That is the first time you have quoted that one


I have not had an opportunity of doing so. The hon. Member will see quite definitely that discharges under Section 9 (4) are only carried out in connection with a definite of fence. If a soldier is just a general nuisance, if his general behaviour is un satisfactory, he cannot be discharged under Section 9 (4) of the Territorial Forces Act, 1907.

The facts are as I have already told the hon. Member. This man was discharged under paragraph 199 (6, a) of the Territorial Army Regulations, as his services were no longer required. He accepted that condition on attestation. When he signed his attestation form he said he would serve for a certain number of years, or so long as his services were required. There is nothing irregular or unusual in his being dismissed in these circumstances. I have been informed that the commanding Officer did not even interview this man. I am informed that the adjutant of the 78th Field Brigade, Royal Artillery, interviewed Walker and asked him whether he had any statement to make. He replied that he had no complaint, and apparently he was satisfied.

The hon. Member asks whether this discharge means that the man must go through the rest of his life with the stigma attached to him that he has been discharged from the Territorial Force for reasons so grave and disgraceful that they cannot be mentioned publicly. My reply to that is perfectly simple. It does not of necessity mean anything of the kind. The hon. Member must not imagine that a man must be a criminal, or that he must have done some particularly disgraceful act, before being discharged under this paragraph of the Territorial Army Regulations. We always refuse to give full reasons for the discharge in similar cases, because, as I have told the hon., Member, it is not in the public interest so to do; but it is a very important argument in favour of non disclosure that it is not in the interests of the men themselves- that publicity should be given to the reasons for which they are discharged. If full information were given in one instance, it would be impossible to resist giving full information in every case. There might be cases where, if full disclosures were made, soldiers might have much less chance in civil life after their discharge from the Army. I maintain that if any injustice has been done in this case, the injustice, in the main, has not been done by the military authorities, but by the hon. Member in giving this case publicity.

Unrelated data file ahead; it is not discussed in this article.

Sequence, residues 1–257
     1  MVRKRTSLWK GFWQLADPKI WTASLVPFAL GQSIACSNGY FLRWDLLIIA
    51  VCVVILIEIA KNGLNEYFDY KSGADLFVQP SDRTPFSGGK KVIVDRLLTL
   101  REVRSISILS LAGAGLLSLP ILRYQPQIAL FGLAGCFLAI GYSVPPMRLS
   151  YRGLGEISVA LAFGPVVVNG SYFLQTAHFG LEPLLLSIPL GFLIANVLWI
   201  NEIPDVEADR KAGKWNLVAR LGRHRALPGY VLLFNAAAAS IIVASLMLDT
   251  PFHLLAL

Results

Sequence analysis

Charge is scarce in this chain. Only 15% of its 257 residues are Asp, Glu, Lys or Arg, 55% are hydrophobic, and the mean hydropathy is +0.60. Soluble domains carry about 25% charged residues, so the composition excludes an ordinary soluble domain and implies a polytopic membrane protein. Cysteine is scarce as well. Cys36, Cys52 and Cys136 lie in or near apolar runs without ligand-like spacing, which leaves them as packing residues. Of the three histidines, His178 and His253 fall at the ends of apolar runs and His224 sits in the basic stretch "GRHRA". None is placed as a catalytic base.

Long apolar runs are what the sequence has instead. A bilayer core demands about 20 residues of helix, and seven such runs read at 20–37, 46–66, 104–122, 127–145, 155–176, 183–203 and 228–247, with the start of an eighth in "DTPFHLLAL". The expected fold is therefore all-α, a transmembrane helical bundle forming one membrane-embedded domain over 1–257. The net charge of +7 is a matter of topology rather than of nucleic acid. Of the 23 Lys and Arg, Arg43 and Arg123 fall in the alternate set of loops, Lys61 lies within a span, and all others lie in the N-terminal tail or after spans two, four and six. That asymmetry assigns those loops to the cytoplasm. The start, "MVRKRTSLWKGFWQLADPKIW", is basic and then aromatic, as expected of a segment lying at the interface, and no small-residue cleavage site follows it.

Had he not done so, this man would have gone quietly out of the Army; no one would have been any wiser, no one would have had any thought that his of fence was a serious one. It is merely due to the hon. Member having brought the case before the House of Commons and the publicity that has been given to it, enabling the public to make it a much more serious of fence than it might have been. Walker has no right of appeal; never the less, in order that he should have no sense of grievance, the War Office authorities said that he might make representations regarding his discharge and that they would receive full consideration. The hon. Gentleman wants to know to whom he should make representations. He can either make them to his late commanding Officer or direct to the War Office, and finally, if necessary, they would go to the Army Council, who would decide this matter ask the hon. Member to accept my assurance that it is not in the public interest or in the interest of the individual concerned to give publicity of the character desired by the hon. Member. The Territorial Army regulations give discretion to the competent Officer, who in this case is the brigade commander, to discharge any soldier from the Territorial Army whose services are no longer required, and on this occasion he has exercised his lawful discretion with the fullest sense of his responsibility for the future well being of the Army as a whole.

The military authorities take no account of politics as such. A recruit is never asked his political faith on attestation. Apart from that it is not the practice to take any steps on account of a man's political views, but if a man shows by his actions that he is at variance with the accepted standards of thought, behaviour and general tone of the Army, he becomes an element of potential discord and consequently his services are better dispensed with. This man has not been dismissed for any particular reason. It was not thought in the public interest to be a desirable thing for him to re main in the Army. It was quite legitimate and lawful to dispense with his services, and my right hon. Friend the Secretary of State regrets that he can take no further action in the matter.

Adjourned accordingly at Twenty-nine minutes after Eleven o'Clock.